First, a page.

Snowpiercer is a dystopian sci-fi movie from the awesome South Korean director Bong Joon-ho (he did The Host and Mother), based on a French comic from the 1980s. The premise of the film, which is very high-concept and honestly bizarre, is that our attempts to fight global warming have brought on a new ice age. All life on Earth has frozen to death, except for a thousand survivors or so, all trapped on a single train that perpetually circles the planet, sustaining the population inside and presumably waiting for the day when it's safe to go outside. But not so much that last part.

The movie itself takes place seventeen years after the planet froze, which means that the main characters of the film have been living on a train for almost two decades. The train itself isn't just one big party, either. It functions as a microcosm of the world: in the front, you have the first class tickets, who live in luxury and excess. Then, the economy class, who work for the first class passengers and go about their lives further back. Finally, in the very tail of the train, with the least space and the worst conditions, are the freeloaders, who have no tickets, and live in less-than-third-world squalor.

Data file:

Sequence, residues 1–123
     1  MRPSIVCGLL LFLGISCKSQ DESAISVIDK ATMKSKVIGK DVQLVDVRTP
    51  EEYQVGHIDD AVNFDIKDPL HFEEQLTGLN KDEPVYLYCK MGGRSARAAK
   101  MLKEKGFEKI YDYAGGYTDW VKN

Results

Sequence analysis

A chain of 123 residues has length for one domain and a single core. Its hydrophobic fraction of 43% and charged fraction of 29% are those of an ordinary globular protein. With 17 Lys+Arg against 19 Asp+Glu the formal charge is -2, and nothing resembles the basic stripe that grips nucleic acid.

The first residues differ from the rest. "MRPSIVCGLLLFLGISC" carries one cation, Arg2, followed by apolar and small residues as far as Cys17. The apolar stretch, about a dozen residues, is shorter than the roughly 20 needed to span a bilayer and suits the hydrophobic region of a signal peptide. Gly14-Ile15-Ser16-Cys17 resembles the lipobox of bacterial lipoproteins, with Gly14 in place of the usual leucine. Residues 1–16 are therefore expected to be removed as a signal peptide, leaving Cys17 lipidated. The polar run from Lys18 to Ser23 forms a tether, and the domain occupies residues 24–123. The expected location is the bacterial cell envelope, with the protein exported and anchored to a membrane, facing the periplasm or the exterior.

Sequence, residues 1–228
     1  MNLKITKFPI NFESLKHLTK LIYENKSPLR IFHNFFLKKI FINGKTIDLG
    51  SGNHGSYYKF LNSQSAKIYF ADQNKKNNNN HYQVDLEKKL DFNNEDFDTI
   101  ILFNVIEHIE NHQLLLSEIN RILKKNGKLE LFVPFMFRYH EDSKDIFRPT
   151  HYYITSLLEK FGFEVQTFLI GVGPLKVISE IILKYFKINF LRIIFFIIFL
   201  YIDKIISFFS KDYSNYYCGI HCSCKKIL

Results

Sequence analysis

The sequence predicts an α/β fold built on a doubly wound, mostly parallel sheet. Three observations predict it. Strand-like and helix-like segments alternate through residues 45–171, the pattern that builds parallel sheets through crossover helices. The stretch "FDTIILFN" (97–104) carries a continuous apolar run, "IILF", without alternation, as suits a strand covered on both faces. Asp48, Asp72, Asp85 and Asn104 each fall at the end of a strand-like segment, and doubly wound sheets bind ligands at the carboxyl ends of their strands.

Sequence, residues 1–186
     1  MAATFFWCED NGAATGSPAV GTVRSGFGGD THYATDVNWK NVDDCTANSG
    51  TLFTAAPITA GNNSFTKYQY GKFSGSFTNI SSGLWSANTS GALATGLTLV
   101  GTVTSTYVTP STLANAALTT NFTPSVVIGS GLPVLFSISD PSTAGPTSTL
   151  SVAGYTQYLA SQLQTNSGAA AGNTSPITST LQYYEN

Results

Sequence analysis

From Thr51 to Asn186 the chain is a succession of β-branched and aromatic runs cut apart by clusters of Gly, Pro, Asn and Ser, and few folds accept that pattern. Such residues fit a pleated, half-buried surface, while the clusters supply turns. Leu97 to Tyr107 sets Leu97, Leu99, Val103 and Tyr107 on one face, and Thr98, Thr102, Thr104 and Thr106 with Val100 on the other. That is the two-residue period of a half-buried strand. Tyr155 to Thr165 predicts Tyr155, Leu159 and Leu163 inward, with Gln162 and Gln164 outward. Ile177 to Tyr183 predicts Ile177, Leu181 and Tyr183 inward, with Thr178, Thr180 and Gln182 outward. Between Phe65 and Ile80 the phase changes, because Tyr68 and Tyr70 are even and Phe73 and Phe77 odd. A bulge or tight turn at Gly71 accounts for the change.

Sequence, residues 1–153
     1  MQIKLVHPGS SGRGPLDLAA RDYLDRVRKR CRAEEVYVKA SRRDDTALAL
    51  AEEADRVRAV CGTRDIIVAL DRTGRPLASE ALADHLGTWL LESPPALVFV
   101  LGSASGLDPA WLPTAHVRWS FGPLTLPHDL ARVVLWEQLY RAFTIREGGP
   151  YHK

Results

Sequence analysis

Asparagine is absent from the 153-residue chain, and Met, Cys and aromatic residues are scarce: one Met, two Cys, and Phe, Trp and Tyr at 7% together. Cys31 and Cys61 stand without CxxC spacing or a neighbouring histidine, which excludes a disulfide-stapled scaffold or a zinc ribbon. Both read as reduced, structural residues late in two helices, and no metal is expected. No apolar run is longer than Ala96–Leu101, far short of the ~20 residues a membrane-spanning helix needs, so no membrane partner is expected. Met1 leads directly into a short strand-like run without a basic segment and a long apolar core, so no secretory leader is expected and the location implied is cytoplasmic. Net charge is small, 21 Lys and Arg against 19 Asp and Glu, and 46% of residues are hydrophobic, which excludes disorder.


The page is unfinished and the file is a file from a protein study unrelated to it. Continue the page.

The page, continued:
These are our heroes.

It's clear from the first ten minutes or so that the conditions in the tail, where everyone is grimy and grubby, covered in matted filth and struggling to keep warm, are horrific, even when compared with the literal unseen. We have no idea what the rest of the train looks like, but we know it must be better than this. At the very least, the soldiers and officials who come back every once are clean.

So it's not hard to put it down to class envy that the tail passengers are fomenting revolt. Led by Curtis (Chris Evans) and Gilliam (John Hurt), the tail section is getting ready to fight their oppressors and make their way to the front of the train, fighting to take the engine and seize power. As Curtis says, "If we control the engine, we control the world."